Immediately after the release of the report, Civic List issued an ultimatum to Jan?a's party to find another party member to serve as a new PM.[66] Since Jan?a was ignoring the report and his party didn't offer any replacement for him, all three coalition parties and their leaders left the government within weeks and were subjected to ad hominem attacks by Janez Jan?a who accused the SLS's leader Radovan ?erjav of being "the worst (economics) minister in history of Slovenia", while the leader of the Civic List Gregor Virant has been mocked by Jan?a as engaging in "virantovanje" (a word game on kurentovanje, a Slovenian carnival festival).[67][68][69] On 27 February 2013, Jan?a's government fell, following a vote of no confidence over allegations of corruption and an unpopular austerity programme in the midst of the country's recession. Gregor Virant welcomed the outcome of the vote, stating that it will enable Slovenia to move forward, either to form a new government or to call for an early election.[70] Jan?a took over Ministry of Finance on 1st of February.[71]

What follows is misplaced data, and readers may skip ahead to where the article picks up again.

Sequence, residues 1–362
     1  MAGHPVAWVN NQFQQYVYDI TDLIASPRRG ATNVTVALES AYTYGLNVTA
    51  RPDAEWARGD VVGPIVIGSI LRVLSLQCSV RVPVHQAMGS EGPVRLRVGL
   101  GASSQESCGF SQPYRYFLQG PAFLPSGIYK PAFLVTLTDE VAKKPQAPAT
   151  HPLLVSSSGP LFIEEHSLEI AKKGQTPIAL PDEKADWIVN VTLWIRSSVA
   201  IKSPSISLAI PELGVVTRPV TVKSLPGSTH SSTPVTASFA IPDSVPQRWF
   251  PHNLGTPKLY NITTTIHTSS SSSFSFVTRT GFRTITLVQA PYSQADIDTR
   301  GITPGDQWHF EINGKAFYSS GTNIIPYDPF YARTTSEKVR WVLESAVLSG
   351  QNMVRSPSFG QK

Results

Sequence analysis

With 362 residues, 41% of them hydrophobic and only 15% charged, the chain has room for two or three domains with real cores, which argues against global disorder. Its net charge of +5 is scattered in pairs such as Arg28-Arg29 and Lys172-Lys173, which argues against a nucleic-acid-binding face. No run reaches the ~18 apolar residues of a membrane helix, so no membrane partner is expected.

2013: In opposition and court trial

Following the fall of his government, Jan?a decided not to resume his position as a member of the National Assembly. Instead, he decided to work for his party (SDS), write books, lecture at international institutes and help as a counsellor.[72]

On 5 June 2013, the District Court in Ljubljana ruled that Jan?a and two others had sought about EUR2m in commission from a Finnish firm, Patria, to help it win a military supply contract in 2006 (Patria case).[73] Jan?a was sentenced to two years while Tone Krkovi? and Ivan ?rnkovi?, his co-defendants, were each sentenced to 22 months in prison. All three were also fined EUR37,000 each.[73][74] Jan?a has denied the accusations, claiming the whole process is politically motivated.[75] The following day, the Minister of Justice, Senko Pli?ani?, emphasised that the court ruling was not yet binding and therefore Jan?a was still presumed innocent.[76]